Adding Comments to a Static Site

Or, How do you add a dynamic part to your static site?

If you need to know how to build a static site, please read my previous post here. If not, you can head below to implementing comments.

When I created my blog in 2017, I was looking around for an easy and self maintained comments system and found Staticman fit my requirements to the dot. It was so easy to add it to my Jekyll site and configure correctly with minimal effort. All I needed was a Github account and a repository, which I already had.

About a month back, I discovered that the Staticman component is no longer working as expected. So I head to the GitHub repository of Staticman to see if there is an already existing issue. To my dismay, I not only found there was an issue raised but that it had to do with the daily limits set by GitHub (which can’t be changed by us mere mortals). So I had to figure out a different way to deliver the comments to my blog.


I owe you an explanation on why this is a problem. In a static site, the content is just plain HTML/CSS files. Which means the user cannot expect the Submit button on the comments page to work. But for an interactive blog, readers should be able to leave feedback. At this point, it’s clear that our static site needs a dynamic part. There are various ways in which developers have tried to do this.

  1. Use an already existing commenting system like Disqus, Just Comments, etc.
    • But this has disadvantages
      • The comments are stored in a 3rd party server.
      • There is no control over your data.
      • It costs money.
  2. Save the comments as commits on a GitHub repo.
    1. Point the POST method on the comment FORM to an external URL already setup to handle the request.
      • The external URL can be
        • a Webhook: Requires Go to be installed. And the Webhook needs to be running on the server constantly, this is a difficult thing to accomplish on a managed server. This Github project was one of the things I tried.
        • a Web Service written in any language: Hosting is a problem here, because it ain’t free. I tried Azure, but the ‘Function’ setup is buggy. The link to GitHub kept disappearing. And the free tier on any cloud service usually doesn’t support always-on web services. I tried this GitHub project.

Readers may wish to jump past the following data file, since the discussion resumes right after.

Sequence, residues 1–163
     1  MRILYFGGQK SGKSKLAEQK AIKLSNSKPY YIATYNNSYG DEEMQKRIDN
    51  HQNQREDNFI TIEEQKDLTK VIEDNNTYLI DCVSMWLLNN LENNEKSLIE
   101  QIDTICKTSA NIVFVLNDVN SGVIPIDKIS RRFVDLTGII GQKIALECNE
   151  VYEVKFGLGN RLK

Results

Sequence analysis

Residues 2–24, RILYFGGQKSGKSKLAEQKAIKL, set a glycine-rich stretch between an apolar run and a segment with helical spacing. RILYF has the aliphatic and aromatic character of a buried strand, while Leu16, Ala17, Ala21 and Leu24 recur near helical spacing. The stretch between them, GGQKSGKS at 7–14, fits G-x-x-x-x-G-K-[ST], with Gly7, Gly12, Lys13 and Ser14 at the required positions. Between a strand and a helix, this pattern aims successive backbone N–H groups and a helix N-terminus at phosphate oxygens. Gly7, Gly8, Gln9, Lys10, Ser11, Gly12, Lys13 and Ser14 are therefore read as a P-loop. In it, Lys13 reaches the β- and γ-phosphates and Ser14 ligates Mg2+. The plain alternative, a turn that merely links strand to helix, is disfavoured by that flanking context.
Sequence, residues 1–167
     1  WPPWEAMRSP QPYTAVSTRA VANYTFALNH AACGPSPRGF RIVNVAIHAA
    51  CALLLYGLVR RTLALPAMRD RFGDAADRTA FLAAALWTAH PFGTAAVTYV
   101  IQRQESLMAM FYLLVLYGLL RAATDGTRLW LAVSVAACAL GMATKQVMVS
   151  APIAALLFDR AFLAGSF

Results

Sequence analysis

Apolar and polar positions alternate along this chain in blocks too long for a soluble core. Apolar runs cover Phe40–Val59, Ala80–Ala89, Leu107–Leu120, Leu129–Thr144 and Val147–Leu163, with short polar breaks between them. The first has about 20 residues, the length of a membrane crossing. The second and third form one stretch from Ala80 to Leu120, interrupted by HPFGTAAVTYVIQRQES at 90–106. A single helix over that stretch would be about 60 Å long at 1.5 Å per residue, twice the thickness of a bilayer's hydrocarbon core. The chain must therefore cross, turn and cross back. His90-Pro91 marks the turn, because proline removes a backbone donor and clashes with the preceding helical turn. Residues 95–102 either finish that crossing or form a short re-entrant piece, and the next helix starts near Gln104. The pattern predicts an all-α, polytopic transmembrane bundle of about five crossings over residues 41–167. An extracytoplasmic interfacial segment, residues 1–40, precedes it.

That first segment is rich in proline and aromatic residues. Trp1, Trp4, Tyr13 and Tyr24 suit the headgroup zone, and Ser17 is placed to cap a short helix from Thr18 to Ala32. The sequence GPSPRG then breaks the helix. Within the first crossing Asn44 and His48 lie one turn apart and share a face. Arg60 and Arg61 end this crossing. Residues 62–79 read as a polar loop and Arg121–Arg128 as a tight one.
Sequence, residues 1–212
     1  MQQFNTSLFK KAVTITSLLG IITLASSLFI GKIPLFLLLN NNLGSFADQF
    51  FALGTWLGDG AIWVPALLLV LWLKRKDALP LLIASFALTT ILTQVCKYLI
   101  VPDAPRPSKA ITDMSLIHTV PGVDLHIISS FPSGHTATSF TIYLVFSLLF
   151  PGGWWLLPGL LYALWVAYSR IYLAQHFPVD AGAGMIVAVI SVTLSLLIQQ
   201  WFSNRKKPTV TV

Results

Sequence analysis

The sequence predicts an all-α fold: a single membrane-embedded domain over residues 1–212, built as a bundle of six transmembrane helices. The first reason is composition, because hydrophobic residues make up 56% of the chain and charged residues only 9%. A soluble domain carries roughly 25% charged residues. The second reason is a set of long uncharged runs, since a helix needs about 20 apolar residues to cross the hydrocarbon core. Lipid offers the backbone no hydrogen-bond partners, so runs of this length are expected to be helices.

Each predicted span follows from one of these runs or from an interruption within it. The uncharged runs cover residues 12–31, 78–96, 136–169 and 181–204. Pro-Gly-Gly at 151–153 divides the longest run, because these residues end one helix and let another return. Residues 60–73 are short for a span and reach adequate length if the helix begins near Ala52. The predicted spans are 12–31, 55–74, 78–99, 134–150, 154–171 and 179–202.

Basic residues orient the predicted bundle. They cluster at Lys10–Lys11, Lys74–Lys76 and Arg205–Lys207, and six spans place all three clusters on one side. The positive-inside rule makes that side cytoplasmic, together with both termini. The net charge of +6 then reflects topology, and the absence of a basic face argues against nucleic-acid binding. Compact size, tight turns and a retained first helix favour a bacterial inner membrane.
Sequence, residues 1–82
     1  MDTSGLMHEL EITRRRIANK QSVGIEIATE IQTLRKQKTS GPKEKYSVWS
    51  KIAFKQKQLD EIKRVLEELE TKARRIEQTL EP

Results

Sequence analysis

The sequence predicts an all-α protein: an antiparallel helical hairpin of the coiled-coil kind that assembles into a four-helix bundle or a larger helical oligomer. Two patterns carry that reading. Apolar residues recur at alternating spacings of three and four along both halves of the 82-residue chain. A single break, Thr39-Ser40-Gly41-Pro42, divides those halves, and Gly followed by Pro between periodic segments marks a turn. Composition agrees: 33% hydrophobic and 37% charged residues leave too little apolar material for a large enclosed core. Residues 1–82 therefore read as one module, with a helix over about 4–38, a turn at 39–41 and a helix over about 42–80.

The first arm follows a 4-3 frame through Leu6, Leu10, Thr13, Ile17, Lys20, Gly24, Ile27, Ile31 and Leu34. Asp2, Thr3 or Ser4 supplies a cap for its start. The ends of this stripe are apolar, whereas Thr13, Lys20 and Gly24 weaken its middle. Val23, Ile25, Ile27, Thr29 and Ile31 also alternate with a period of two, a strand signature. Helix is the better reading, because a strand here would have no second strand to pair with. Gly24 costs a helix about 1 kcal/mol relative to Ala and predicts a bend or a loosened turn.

• The script running at the external URL will convert the FORM entry into a file and commit it to the GitHub repository.
    2. Look at the commit and manually add the comment to the site build. And deploy it to the PRODUCTION server.
  3. Save each comment as a file on the server.
    1. Point the POST method to a script running on your server.
      • This is only possible on a dynamic server where scripts (PHP, Python, C#.. take your pick) are enabled to run. What I mean is, the web server has
        • The dependencies installed, and
        • The environment setup can run the script in that particular language.
    2. The saved file has to be taken from your server manually and added to your build. And deployed back to the PRODUCTION server.

If option 1’s disadvantages are not really so in your eyes, please go ahead and use it. Else, you will have to think of a way of getting those comments back onto your blog/website. Options 2 and 3 are some of the ways of doing it.

I tried each of the options in the order presented above, and ended up with the last one. This is because, my static server runs on a Linux hosted virtual server with Apache/PHP enabled. I wrote a PHP script, which gets called by the POST method of the comment FORM. The script writes the comment to a file and saves it on the server. I check the server periodically to see if there are new comment files, and add them to my static build and deploy back. My mind says this last part should be automated, but I’m not sure how to do it yet (I see my next blog post!).

I was reluctant to add a PHP script initially because I wanted to keep the website purely static. But looking at all these options, I’ve realised that in order to avoid dynamic code, I’m making a choice to do things the hard way.


Just because I wanted my site to be static doesn’t mean it shouldn’t have any dynamic parts. Commenting is a valued interaction, and as such it requires a script. As soon as I accepted this, things fell into place. A mostly static site with a dynamic script is still quite fast, and now has the added functionality of a dynamic site when required!

Note: If you want to take a look at my website build, checkout my repo on GitHub.

All images used in this post are from Unsplash!